April 5, 2017
By C. Gustav Dahlberg
Modernizing your practice is no longer something to ignore or
wait for “someday”—courts are already going digital. Why be behind government bureaucracy? Some courts (Franklin County is a good
example) have adopted policies that eliminate paper of any kind, except in
unusual or extreme cases (and, even then, requiring scanning at the clerk’s office!) Suburban counties are following suit—Delaware and Fairfield are good examples here in central Ohio (providing for both e-filing
and online docketing). Digital filing will
ultimately expand to the remaining county courts as technology progresses. Adopting paperless or digital practices for
your files will put you in front of the wave.
And your own clients might force you into
it! As more clients rely on electronic
means to transmit or maintain their own records and files, your office will
have to address how to use and maintain those records.
The particular software you invest in or decide to use will ultimately depend on your goal/process/solution for each area. The important thing to remember that (with a few notable exceptions) there isn't a perfect one-size-fits-all software package for a paperless system. Some of these will work better for one office than they do another.
Though going paperless can mean using electronic documents in various formats, by far the most commonly used one is the portable document format (PDF). The near uniformity of adoption and use of the PDF standard means that you will need software which can read, create and edit PDFs with ease—and that means Adobe Acrobat. There are other pieces of software which will do the same things, but Acrobat is the gold standard.
Adobe now offers access to Acrobat on a subscription basis, either monthly or annually, which allows the installation of the same software over multiple devices. The installed software is maintained and regularly updated via the internet, so that the end user has the most current version available. It allows the full manipulation of PDF documents, including creating, editing, and reformatting PDFs. It also allows for digital signatures on documents; provides the ability to add Bates numbering or exhibit stamps; lets users redact sensitive information; and permits multiple documents to be combined into a single PDF (or for large PDFs to be split into multiple individual documents.)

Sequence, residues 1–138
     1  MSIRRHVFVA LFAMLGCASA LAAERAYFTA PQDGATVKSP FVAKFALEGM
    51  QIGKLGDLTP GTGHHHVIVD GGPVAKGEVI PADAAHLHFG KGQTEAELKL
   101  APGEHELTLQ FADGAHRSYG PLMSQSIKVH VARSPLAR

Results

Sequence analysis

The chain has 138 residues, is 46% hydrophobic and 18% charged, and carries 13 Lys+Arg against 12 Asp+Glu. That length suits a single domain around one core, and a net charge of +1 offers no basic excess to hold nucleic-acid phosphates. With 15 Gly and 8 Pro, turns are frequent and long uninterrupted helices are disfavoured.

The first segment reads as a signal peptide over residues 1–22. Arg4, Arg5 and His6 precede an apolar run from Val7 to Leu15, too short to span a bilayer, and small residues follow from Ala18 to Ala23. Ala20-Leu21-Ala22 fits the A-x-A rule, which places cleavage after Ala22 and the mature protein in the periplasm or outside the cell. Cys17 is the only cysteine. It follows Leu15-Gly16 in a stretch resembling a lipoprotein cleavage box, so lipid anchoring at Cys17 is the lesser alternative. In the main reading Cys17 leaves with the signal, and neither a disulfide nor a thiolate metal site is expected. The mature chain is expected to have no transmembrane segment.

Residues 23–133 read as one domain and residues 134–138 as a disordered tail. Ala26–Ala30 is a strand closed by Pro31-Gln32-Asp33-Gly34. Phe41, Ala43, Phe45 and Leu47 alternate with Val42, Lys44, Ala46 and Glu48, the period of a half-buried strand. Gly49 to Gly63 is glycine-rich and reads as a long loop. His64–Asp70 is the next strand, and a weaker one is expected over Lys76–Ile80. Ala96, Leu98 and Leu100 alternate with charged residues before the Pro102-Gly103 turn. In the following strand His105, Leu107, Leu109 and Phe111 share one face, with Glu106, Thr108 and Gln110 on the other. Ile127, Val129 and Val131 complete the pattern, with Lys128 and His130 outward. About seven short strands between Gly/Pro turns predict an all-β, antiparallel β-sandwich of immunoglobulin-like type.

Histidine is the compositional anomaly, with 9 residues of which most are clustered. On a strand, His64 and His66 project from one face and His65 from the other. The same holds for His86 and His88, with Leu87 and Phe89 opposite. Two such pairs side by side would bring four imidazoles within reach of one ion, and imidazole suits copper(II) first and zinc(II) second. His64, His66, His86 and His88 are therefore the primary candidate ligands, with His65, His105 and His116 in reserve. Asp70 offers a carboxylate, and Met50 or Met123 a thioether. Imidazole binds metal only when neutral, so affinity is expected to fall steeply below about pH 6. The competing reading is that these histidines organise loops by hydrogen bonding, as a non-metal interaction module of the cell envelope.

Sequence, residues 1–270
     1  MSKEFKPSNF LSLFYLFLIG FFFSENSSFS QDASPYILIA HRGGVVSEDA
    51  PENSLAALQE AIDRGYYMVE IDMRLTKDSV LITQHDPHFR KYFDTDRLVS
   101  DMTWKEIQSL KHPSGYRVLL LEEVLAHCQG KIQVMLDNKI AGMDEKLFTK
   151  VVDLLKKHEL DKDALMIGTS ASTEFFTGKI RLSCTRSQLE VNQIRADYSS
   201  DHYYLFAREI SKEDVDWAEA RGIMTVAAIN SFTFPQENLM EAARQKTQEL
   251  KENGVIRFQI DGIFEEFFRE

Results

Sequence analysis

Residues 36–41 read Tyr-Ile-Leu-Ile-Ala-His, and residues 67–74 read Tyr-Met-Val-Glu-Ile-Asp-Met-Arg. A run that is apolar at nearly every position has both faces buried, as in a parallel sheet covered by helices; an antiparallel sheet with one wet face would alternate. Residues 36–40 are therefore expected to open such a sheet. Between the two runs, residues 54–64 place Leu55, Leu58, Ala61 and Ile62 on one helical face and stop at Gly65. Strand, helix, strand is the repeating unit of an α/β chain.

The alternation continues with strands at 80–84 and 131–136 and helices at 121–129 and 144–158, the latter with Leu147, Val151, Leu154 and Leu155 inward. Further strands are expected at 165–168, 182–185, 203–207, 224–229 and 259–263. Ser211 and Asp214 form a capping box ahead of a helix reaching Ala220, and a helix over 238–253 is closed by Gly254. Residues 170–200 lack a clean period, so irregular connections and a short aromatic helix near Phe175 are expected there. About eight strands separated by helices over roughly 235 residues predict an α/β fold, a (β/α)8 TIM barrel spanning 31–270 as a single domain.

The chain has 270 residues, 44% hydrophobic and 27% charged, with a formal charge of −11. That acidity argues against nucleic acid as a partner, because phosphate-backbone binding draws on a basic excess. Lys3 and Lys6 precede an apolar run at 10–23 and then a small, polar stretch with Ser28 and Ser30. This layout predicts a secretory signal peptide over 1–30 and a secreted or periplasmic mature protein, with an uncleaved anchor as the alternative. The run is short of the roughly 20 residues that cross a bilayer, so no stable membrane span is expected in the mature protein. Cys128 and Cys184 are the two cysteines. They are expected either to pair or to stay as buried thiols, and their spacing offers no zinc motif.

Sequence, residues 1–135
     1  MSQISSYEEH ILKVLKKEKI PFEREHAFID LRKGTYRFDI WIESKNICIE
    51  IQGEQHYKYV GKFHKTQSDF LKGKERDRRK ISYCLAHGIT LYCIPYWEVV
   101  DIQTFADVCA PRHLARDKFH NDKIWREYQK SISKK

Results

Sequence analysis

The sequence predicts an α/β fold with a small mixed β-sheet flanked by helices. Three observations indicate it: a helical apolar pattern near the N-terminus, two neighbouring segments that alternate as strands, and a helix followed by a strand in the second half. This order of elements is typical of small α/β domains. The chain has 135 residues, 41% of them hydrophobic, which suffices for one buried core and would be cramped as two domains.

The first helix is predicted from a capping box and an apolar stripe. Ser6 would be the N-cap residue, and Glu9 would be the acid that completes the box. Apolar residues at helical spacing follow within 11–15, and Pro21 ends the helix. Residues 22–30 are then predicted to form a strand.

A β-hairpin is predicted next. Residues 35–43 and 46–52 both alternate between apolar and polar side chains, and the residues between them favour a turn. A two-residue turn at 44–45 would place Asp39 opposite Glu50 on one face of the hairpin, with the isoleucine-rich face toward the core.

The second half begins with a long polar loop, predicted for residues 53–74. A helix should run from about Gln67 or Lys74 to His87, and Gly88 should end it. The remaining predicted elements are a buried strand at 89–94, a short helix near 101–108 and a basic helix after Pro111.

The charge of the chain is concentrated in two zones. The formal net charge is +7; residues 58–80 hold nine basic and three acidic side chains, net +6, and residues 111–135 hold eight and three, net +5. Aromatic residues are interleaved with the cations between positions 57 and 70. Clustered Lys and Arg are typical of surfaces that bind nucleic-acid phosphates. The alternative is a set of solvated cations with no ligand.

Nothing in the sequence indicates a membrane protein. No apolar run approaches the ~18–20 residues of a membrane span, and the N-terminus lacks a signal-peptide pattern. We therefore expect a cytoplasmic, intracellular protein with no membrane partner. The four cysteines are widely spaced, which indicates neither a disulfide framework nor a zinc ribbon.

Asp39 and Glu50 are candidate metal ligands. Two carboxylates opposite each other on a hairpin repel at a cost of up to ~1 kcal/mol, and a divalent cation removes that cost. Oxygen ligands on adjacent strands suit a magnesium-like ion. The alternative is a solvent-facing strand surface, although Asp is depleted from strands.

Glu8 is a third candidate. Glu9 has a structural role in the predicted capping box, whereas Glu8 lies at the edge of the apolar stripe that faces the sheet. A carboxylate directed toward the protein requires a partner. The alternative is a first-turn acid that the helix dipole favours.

How do you find what you scanned?
- File management/indexing—pre-installed OEM options (Finder, Windows Explorer) to locate locally-saved files.
- Practice management systems (PCLaw, Rocket Matter, Firm Central, Clio, etc.).
- File architecture—how is your file organized? File names/folder trees?
Scanning the paper you receive is only one part of your new digital paperless practice. How do you generate new documents?
- MS Office, OpenOffice, etc.—allows creation/saving in multiple formats—including as PDF!
- Document generation software (OhioDocs, etc.).
If you're using email, you're already using a "paperless" solution. Because email has largely replaced paper correspondence, your approach to how you retain and organize email shouldn't be any different. Depending on the email software you use, there may be built-in organizational tools that will help you save, organize and curate your electronic correspondence.
An approach to disposing of your email in the same way you're going to dispose of paper correspondence—by processing it, getting it out of your inbox and then storing it.
Keeping a centralized calendar (as opposed to a paper one) may help to streamline some or all of these processes. A centralized calendar should be accessible, with the ability to sync across multiple devices, and (ideally) will always be up to date.
Task management and internal communications
Do you separate "correspondence" with the outside from "internal communications" to your staff? Consider find a task management or communication/chat system that permits that ongoing contact, but prevents emails with internal communications being sent from your office inadvertently.
As with storage, billing options vary
Cloud-based online billing service versus local software-driven invoicing. The more important factor to consider is whether the billing system allows you to send bills electronically, and how collection happens. Online payment systems (LawPay, Square, Apple Pay, etc.) may allow your clients to pay you even when you're not in the office to run a credit card, streamlining your billing process even further.
Going paperless means you're not tied to the physical file at your office, and if you're not tied to the physical file, you're not tied to the physical office, either—your work can be done anywhere! In such a case, your internet solution has to be just as much of a priority, in and out of office.
- Service into office—what's the uptime on your connection? Is it reliable, fast and stable?
- Service outside of office – how do your devices connect to the internet? How do you obtain your file outside of the office? Mobile service? Are there options when there's no internet service/Wi-Fi available?
When thinking about the software necessary to access your file outside of the office, consider usability and readability of the documents you're going to be working with. Will you be reading the file or writing to it?
your office to adopt new systems will always be difficult but important. Buy-in is key—a system is no good if your
staff won’t use it. But be prepared to
be flexible—this won’t be the system for the next 20 years! There’s always something that will change in
the future. Don’t assume that a piece of
technology or process will be the last change you ever make—as technology
improves, your use of it will as well. Being
nimble keeps you from getting locked into a system.
C. Gustav Dahlberg is an attorney with Babbitt & Dahlberg.